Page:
Special features on Disc One include the Making Of The Ocean World (ten minutes) and Making Of The Frozen Seas (ten minutes) featurettes, an interview with Photographer Doug Allan, a photo gallery, a music video, and a fact file. Disc Two includes the following featurettes: Making Of Open Ocean (nine minutes), Making Of The Deep (nine minutes), an interview with Researcher Penny Allen, a photo gallery, and a fact file. Disc Three includes the following featurettes: Making Of Seasonal Seas (nine minutes), Making Of The Coral Seas (nine minutes), an interview with Producer Alastair Fothergill, a photo gallery, a fact file, and trailers. On Disc Four there are the following featurettes: Making Of The Tidal Seas (nine minutes), Making Of Coasts (nine minutes), Deep Trouble (49 minutes), a photo gallery, a fact file, and trailers. And Disc Five includes the following documentaries: Amazon Abyss (52 minutes), Dive To Shark Volcano (52 minutes), Being There: Antarctica (30 minutes), and Being There: Between The Tides (28 minutes).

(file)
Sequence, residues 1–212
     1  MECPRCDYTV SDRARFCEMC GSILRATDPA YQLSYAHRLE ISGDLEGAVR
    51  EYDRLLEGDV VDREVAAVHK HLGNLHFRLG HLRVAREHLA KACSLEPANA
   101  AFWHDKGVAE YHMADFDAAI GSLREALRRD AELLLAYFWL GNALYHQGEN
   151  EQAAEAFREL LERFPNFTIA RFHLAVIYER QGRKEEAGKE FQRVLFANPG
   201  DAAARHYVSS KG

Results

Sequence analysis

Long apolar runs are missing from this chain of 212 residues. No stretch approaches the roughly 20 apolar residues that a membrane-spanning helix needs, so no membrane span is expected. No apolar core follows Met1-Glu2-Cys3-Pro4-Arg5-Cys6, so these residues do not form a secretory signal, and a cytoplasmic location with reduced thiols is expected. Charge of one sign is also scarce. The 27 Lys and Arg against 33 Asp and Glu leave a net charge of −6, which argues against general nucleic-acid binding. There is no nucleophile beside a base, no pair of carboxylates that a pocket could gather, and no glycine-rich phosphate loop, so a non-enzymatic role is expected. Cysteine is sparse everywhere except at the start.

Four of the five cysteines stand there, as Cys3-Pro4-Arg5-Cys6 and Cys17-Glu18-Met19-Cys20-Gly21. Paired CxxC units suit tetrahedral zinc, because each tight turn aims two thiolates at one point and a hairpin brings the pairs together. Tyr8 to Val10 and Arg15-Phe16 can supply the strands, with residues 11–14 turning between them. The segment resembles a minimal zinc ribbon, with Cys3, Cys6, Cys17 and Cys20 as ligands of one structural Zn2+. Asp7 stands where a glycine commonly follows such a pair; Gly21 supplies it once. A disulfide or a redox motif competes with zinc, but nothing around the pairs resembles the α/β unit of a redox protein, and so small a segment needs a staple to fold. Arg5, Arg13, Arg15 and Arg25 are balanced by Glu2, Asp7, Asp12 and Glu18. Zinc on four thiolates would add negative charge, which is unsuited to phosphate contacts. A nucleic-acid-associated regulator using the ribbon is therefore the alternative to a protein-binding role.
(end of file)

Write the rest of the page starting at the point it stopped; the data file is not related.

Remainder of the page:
The Blue Planet: Seas Of Life was five years in the making and had a budget of more than $10 million dollars. Presented by Sir David Attenborough, this comprehensive documentary explores the world’s last unknown frontier—our ocean. With groundbreaking footage, you will see some of the ocean’s most guarded secrets and spectacular creatures. (Stacey Pendry)
Understandably, the anamorphically enhanced 1.78:1 DVD is swathed in blue, but there is little definition or variation in the full-color fields, making the image look flat. Details are not resolved well, with a soft appearance that adds to the unnaturalness of the presentation. Compression artifacts riddle the screen, and edge enhancement is noticeable throughout. (Danny Richelieu)
The Dolby® Digital 2.0-channel soundtrack features a solid stereo spread for music and effects, and fidelity is adequate, although narration can sound harsh at times. The front stage can sound fairly deep, but the breadth of the stage rarely expands out beyond the physical locations of the loudspeakers. (Danny Richelieu)
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